How to give yourself a pep talk that actually works

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You’re probably not an athlete so why am I talking about pep talks? They work! Even pep talks for writers…. 

As we approach the end of 2018, you may be facing feelings of regret or, perhaps, even dread. Do you find yourself thinking or saying any of the following comments?

I didn’t achieve everything I’d planned to do this year. 

Or, worse,

I didn’t achieve anything I’d planned to do this year.

Or, perhaps, 

I don’t even remember what I’d planned to do this year. 

How did so much time slip through my fingers? 

The Christmas season is just about upon me and I’m going to be so busy, the rest of the year is a write off.

If any of these sentences are on your lips, I think it’s time to give yourself a pep talk.

A pep talk is a short speech designed to help you feel more courageous or productive or enthusiastic. Usually, we can give the best pep talks to ourselves because we know our own minds — including our strengths and shortcomings — better than anyone else.

Here’s how to give yourself a pep talk that actually works.

  1. Talk to yourself in the third person: I know, this may sound weird or counterintuitive, but research published in the Journal of Personality and Social Psychology has shown that people who speak to themselves as another person (in my case, by using the word “Daphne,” or “you”) perform better than people who use the word “I.” When people talk to themselves this way, “it allows them to give themselves objective, helpful feedback,” says Ethan Kross, associate professor of psychology and director of the Self-Control and Emotion Laboratory at the University of Michigan. In fact, Olympic athletes do this all the time. They say things to themselves like, “Come on!” or “Let’s go,” or “You can do this!” This type of voice allows you to address yourself as an apparent “outsider” which amps up the value of the message.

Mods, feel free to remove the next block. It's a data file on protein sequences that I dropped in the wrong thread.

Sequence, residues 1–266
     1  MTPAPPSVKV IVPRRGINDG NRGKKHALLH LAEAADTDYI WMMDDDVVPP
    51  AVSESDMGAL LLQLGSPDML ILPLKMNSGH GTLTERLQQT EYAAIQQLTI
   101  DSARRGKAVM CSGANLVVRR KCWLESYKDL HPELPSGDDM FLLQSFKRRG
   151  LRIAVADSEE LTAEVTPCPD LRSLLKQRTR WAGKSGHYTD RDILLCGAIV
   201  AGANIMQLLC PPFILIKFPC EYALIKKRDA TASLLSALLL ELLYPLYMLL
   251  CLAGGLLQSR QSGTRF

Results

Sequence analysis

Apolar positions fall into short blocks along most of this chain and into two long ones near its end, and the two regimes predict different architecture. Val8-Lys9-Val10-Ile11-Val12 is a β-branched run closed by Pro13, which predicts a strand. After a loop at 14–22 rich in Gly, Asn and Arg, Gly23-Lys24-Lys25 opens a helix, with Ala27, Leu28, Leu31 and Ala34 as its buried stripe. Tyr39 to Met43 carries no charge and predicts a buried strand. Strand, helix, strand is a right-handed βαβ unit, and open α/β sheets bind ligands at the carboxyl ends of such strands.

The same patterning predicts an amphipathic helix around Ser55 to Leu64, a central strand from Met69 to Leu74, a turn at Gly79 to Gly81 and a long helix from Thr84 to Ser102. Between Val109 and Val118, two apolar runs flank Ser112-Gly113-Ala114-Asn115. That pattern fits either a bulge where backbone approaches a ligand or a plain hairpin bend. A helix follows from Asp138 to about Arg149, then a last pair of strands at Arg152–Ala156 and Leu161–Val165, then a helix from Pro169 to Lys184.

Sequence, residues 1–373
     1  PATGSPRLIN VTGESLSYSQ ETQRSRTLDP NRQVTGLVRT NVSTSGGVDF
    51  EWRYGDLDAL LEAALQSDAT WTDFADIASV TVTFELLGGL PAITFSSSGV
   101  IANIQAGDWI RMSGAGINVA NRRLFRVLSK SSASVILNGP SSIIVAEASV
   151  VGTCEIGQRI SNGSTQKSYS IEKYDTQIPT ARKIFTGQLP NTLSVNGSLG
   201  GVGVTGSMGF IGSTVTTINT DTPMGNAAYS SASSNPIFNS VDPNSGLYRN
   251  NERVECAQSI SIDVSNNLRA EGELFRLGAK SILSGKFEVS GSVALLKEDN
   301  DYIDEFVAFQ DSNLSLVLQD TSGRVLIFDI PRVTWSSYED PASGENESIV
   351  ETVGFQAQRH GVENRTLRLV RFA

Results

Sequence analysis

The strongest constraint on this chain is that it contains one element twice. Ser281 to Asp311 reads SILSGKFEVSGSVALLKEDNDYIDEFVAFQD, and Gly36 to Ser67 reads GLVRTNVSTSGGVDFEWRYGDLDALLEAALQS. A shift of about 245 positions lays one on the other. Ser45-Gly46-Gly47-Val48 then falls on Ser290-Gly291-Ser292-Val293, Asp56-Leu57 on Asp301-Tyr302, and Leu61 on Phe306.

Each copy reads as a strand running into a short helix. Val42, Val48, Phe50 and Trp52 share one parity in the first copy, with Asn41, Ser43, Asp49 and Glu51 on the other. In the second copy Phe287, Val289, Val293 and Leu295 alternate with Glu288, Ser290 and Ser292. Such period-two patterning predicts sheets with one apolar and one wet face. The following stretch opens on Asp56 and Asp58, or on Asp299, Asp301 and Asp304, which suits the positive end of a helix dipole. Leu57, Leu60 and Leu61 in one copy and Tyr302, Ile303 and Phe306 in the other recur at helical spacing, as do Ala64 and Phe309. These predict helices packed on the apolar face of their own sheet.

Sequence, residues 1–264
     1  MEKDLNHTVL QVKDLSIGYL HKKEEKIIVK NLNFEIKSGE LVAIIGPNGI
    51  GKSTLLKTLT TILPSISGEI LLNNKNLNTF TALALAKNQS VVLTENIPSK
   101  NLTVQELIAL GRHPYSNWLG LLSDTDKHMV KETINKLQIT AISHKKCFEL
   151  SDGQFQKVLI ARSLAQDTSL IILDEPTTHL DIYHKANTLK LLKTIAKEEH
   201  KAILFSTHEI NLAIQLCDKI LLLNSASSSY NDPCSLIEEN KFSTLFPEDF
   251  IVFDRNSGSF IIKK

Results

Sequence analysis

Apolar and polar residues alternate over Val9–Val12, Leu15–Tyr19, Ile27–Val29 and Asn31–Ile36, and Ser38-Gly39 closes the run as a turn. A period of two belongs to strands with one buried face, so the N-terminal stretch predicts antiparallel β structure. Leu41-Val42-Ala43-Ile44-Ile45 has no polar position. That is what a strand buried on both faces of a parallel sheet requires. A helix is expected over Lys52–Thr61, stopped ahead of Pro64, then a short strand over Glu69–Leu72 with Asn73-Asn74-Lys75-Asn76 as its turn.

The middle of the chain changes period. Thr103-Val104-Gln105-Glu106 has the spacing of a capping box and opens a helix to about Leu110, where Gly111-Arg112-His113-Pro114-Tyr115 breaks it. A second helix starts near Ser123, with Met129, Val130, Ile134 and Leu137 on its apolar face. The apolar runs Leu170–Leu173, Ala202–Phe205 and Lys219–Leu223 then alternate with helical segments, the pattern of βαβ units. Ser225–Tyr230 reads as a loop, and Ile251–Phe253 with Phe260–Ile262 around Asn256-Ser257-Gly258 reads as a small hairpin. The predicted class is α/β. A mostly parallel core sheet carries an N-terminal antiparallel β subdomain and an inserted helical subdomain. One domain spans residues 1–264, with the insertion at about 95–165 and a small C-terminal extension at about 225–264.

2. Focus on positive language: It’s easy to give yourself orders like, “don’t check your cellphone every five minutes” or “don’t get distracted by Facebook” but anyone who’s been a parent knows that negative messages usually don’t work. Instead, we all tend to respond more positively to a positive framework: “Spend 15 minutes writing then check your cellphone as a reward.” Doesn’t that sound more doable?
  3. Take plenty of deep breaths: We all know we need to breathe to stay alive but writers (including me!) often put themselves in a separate superhero category: people who don’t need to breathe. Writing apnea is a real thing and neither writing nor pep talks is helped by lack of air. Our brains are oxygen hogs and if you want your pep talk to have impact, make sure you do plenty of deep breathing while delivering it.
  4. Be specific, not vague or cliched: When we give ourselves a talking to, it’s tempting to fall into banal, imprecise or all-or-nothing language. Instead of saying, “everything will be okay,” [platitude] or “you need to be a more productive writer” [vague] say: “you’re going to sit your butt in a chair and write for 15 minutes every morning.” If you can accomplish that action — and produce a mere 200 words in those 15 minutes —you’ll have accumulated 52,000 words by the end of a year, even if you take weekends off. That’s very specific and heartening to know.